The impact of three weeks of bank closures and capital controls in Greece has been estimated at some 3 billion euros, and that’s excluding the tourism sector.
Even if the credit system gradually returns to normal in the coming week, the market will take a long time to recuperate from the damage done over the last 20 days, given that the economy was already in a weakened state to start with.
The immediate impact on the market concerns the turnover lost in retail commerce at a time that would normally be the peak season for the sector. The medium-term consequences could constitute staff layoffs, not only in commerce but also in industry, in purchases lost and products that will not be exported.
According to estimates by commerce professionals, the first three weeks of capital controls have cost retail trade some 600 million euros, with the apparel sector taking the biggest blow, just as the summer sales window opened. Part of the expected turnover shifted to fuel and food purchases at first, but then these domains posted a drop too, thereby failing to contain the overall decline in retail commerce.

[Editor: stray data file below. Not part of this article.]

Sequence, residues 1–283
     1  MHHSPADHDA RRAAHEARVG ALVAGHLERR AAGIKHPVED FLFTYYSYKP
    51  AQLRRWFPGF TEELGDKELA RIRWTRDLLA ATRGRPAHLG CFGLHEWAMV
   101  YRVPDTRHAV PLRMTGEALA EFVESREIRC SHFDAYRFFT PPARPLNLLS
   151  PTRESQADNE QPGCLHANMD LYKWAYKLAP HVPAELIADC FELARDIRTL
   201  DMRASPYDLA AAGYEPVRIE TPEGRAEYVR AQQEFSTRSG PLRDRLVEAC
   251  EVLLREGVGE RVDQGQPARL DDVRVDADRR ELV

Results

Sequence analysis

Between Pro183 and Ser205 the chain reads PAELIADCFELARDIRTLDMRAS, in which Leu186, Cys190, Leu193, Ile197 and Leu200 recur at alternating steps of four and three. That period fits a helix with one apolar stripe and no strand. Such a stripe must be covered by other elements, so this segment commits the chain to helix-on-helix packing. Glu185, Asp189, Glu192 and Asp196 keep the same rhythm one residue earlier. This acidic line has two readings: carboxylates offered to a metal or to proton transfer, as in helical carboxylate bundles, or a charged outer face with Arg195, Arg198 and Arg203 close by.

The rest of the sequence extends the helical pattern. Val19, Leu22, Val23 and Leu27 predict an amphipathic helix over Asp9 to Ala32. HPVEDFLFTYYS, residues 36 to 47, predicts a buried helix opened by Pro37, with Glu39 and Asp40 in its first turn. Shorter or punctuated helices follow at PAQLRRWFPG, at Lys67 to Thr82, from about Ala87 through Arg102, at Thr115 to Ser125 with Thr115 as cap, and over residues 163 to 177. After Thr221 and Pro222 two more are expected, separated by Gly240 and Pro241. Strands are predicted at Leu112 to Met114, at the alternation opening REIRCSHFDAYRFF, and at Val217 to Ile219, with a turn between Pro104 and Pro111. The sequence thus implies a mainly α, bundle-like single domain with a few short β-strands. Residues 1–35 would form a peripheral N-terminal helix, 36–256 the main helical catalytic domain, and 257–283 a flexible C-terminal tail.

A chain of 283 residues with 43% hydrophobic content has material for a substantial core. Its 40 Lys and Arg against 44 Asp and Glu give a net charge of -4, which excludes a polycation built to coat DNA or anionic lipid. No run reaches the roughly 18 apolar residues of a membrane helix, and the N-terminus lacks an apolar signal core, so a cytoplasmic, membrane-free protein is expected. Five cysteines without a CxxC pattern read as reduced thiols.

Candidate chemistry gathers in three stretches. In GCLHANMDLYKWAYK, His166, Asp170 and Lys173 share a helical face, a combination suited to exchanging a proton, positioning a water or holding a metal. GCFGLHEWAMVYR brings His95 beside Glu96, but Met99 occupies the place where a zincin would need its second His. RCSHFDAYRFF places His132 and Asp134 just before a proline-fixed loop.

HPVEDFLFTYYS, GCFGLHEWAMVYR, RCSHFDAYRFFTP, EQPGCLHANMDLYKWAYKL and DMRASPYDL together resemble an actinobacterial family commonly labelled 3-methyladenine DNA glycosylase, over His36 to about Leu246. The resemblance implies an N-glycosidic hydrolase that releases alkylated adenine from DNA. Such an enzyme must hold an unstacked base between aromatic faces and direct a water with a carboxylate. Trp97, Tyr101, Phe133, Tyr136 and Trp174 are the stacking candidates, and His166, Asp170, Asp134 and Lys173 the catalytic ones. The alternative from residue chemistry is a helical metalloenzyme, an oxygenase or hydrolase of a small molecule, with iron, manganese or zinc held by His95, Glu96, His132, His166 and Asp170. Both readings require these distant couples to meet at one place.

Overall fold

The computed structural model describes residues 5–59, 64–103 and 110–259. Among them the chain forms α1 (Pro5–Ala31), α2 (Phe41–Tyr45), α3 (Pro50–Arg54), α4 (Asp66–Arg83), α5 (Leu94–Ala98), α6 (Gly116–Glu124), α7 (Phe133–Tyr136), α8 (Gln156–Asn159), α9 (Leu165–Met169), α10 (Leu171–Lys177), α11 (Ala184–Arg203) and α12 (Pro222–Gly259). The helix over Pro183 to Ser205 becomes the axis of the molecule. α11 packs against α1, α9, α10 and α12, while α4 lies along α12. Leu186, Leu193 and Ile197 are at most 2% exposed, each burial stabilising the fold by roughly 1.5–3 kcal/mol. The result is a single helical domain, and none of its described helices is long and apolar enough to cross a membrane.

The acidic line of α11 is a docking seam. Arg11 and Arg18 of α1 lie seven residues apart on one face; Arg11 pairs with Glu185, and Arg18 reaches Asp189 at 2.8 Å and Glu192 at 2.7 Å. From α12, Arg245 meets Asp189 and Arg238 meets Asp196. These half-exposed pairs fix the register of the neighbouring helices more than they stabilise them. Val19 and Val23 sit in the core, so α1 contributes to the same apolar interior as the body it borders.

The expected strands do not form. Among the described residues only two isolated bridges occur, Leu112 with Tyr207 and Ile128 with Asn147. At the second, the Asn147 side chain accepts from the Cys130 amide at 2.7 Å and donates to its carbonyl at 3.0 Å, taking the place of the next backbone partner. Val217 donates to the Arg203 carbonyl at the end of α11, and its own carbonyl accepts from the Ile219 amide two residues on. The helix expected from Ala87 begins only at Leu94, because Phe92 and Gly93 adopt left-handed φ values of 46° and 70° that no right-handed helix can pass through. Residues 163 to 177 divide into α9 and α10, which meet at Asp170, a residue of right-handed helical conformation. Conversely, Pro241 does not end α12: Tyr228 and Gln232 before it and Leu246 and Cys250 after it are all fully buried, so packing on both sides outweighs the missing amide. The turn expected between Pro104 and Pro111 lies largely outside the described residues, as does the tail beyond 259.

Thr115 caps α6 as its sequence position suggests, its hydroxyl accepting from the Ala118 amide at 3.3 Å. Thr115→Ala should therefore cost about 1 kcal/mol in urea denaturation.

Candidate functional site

Estimates by the Panhellenic Exporters Association put the weekly revenue loss from the problems in exports at 80 million euros, or a total of 240 million euros to date. At the same time, the shortages in commodities due to problems in imports corresponds to products valued at 600 million euros per week, or 1.8 million euros so far. This is the cost facing importers that can’t bring in products to sell to their clients or industries that can’t get the raw materials they require to operate. The Athens Chamber of Commerce and Industry (EBEA) says that some 4,500 containers holding raw materials and finished products are currently blocked at customs while importers cannot perform any banking transactions.
Another problem is the backlog of checks and bills of exchange that cannot be paid, meaning that business transactions worth an estimated 6 billion euros have been frozen, according to the EBEA.
WebHotelier data point to a partial rebound in tourism bookings from foreign markets after the agreement reached between the government and its creditors on Monday, but at the peak of the three-week crisis new bookings had been down up to 50,000.